Food
Cranberries And Pumpkin, Holiday Favorites
By LaDale Anderson
Nov 23, 2013 - 6:27:07 AM

UNITED STATES—With Thanksgiving upon us, I couldn’t help myself, but discuss two staples fruits and veggies at the big feast: pumpkin and cranberries.  Let’s start our focus on the good ole’ pumpkin. So many of us like to think that pumpkins are notorious for Halloween, but they are favorites in November and December as well.  So many of us can’t help but salivate over a slice of pumpkin pie, but it’s not that easy to get that pumpkin made.

 

Pumpkins are a part of the squash family. That’s right butternut squash, yellow squash and zucchini are all related. It’s important to make a distinction between jack-o-lanterns and actual pie pumpkins that are used for consumption.  Pie pumpkins tend to be smaller in size and are much easier to dismantle and bake in the oven, compared to a large jack-o-lantern that has to be dismantled.

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Pumpkin pie is a Thanksgiving staple.

 

This isn’t a vegetable that is available year round; it’s most popular during the fall months. Some may be surprised to discover just where pumpkin seeds come from; that’s right the pumpkin. Those little seeds are edible, just pop them in the oven, add a bit of salt and roast them for a couple of minutes and you have a delicious and healthy treat to satisfy all those nut enthusiasts out there.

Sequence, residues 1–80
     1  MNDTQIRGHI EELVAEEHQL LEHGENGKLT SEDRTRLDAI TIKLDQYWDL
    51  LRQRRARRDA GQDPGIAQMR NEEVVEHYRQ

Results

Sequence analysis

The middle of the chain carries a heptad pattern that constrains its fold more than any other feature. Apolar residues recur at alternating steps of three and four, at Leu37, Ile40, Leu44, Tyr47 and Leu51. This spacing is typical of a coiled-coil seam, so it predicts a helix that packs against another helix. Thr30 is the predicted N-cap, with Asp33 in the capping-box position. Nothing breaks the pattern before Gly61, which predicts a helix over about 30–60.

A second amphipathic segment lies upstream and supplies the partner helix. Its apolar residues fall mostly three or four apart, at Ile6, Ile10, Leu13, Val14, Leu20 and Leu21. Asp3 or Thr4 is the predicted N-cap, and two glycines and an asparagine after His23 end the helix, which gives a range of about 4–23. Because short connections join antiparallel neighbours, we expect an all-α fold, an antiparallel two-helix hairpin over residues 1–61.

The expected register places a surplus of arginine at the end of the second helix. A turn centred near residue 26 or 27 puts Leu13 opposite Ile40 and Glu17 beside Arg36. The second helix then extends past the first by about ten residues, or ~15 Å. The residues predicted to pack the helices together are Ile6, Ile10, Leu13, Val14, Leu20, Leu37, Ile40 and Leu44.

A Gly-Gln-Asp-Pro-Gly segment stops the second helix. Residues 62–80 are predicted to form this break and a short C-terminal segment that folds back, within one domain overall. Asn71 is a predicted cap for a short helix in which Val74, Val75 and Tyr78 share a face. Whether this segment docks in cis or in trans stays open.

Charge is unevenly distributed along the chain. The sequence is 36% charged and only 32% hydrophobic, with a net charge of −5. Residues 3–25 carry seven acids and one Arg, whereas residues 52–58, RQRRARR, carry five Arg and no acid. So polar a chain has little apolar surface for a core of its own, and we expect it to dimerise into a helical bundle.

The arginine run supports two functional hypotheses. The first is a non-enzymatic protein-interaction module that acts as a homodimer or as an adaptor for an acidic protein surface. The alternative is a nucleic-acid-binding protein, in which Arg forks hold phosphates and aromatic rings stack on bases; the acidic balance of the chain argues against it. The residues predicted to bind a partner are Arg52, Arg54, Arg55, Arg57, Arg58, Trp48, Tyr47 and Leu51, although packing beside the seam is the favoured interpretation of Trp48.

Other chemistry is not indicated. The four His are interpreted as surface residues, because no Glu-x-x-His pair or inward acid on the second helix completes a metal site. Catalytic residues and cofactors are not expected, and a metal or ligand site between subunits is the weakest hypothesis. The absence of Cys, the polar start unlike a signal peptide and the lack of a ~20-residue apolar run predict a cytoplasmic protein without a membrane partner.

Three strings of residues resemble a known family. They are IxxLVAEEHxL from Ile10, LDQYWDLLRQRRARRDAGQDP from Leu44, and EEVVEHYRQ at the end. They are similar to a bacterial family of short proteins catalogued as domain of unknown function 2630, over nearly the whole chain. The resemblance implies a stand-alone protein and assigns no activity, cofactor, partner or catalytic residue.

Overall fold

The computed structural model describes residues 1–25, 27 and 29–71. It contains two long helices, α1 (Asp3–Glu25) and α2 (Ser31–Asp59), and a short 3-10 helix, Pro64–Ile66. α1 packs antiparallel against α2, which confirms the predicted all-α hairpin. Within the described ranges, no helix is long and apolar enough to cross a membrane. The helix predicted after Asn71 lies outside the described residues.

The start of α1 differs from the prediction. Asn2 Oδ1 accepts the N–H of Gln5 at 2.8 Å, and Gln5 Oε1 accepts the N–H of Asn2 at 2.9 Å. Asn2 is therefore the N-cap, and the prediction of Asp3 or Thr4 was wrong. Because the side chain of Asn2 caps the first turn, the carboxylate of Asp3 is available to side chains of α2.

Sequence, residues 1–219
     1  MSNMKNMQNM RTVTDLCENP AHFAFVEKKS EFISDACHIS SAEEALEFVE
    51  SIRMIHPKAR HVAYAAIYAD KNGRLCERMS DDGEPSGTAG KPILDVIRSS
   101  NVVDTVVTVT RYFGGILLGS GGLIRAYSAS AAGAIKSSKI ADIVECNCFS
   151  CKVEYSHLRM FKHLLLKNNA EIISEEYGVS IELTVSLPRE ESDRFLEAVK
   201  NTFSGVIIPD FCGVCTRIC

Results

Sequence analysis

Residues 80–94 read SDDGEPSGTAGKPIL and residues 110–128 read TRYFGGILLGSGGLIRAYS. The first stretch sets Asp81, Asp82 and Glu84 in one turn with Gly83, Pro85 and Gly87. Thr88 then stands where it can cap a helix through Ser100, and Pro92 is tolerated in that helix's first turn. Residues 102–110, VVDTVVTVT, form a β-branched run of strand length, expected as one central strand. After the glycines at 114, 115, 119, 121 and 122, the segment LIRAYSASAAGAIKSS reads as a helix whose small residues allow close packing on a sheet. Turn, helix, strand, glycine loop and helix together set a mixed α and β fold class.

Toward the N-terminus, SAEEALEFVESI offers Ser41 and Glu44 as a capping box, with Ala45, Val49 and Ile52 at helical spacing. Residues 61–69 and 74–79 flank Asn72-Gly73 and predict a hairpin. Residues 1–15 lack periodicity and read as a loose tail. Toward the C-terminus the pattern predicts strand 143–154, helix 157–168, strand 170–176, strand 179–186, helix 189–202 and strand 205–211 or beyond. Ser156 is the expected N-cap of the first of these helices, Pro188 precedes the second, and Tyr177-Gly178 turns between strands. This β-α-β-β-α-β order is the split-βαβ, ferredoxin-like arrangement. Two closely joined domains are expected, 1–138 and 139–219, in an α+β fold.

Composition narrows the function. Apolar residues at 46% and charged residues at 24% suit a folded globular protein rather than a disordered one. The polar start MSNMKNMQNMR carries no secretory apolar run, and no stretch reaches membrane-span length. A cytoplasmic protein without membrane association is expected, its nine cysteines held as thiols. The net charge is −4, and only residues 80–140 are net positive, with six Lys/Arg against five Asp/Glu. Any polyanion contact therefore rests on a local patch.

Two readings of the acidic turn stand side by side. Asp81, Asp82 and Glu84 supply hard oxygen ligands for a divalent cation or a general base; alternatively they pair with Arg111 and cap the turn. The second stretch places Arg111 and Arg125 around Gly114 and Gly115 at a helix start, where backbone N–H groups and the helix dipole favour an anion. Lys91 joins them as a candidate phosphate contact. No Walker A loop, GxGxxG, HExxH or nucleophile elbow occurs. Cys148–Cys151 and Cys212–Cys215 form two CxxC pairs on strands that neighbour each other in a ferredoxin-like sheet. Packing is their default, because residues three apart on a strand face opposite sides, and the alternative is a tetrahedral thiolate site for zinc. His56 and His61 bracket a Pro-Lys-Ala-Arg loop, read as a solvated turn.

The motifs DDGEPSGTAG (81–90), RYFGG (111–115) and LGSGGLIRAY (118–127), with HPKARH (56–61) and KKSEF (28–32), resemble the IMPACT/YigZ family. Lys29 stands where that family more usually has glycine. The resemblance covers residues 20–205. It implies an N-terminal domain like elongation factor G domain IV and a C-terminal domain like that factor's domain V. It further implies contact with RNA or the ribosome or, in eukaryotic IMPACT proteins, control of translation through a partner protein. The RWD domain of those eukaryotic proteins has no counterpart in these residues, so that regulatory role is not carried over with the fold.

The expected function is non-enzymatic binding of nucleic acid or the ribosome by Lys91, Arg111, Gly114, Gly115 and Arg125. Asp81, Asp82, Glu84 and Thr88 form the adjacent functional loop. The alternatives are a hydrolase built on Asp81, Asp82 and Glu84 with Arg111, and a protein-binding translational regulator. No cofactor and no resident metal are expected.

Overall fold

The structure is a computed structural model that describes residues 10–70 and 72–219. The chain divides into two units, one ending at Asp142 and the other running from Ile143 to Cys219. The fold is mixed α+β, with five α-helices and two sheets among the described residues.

Something to note are the various health benefits of the veggie, which includes an ample amount of vitamin A, beta-carotene, calcium, potassium and phosphorus. Some research has shown that certain phytochemicals in pumpkins have an effect on insulin and glucose levels in diabetics, which can reduce blood glucose and cholesterol levels improving the impact of the disease on the body.  While pumpkin may be a staple at many tables this holiday season, for a tasty treat try making a pumpkin cheesecake. The texture between pumpkin puree and velvety cheesecake is unique in itself and this dessert will have all your guests talking for weeks. 

 

What would Thanksgiving be without, the cranberry sauce. Nowadays, so many of us choose to purchase the cranberry sauce out of the can, but some maybe surprised to learn the fruit itself is not as sweet as some would think.

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The cranberry is a fruit that is not what one believes it to be.


In fact, cranberries are actually a ”╦ťsuperfruit’ that is loaded with tons of nutrients for the body. Cranberries are at their peak between September and December, right around holiday season and not seen much afterwards. A pure cranberry is quite tart and bitter to say the least, which explains why it’s better consumed by cooking the tasty treat with some sugar. There is a myth that consumption of cranberry juice has an impact on reducing urinary tract infections.


The fruit is an ample source of Vitamin C, fiber and manganese.  Cranberries also contain antioxidants and phytochemicals that have shown to have an impact on fighting particular cancer cells; the fruit is also a great source of potassium.  Perhaps the most important tip to know about the fruit is that its best consumed in its raw form.  For those health gurus who think drinking cranberry juice is such a great thing, think again. A glass of cranberry juice contains more sugar than a glass of soda!  Yes, that is so scary. Drinking a glass of pure cranberry juice that is NOT sweetened is a better substitute. 



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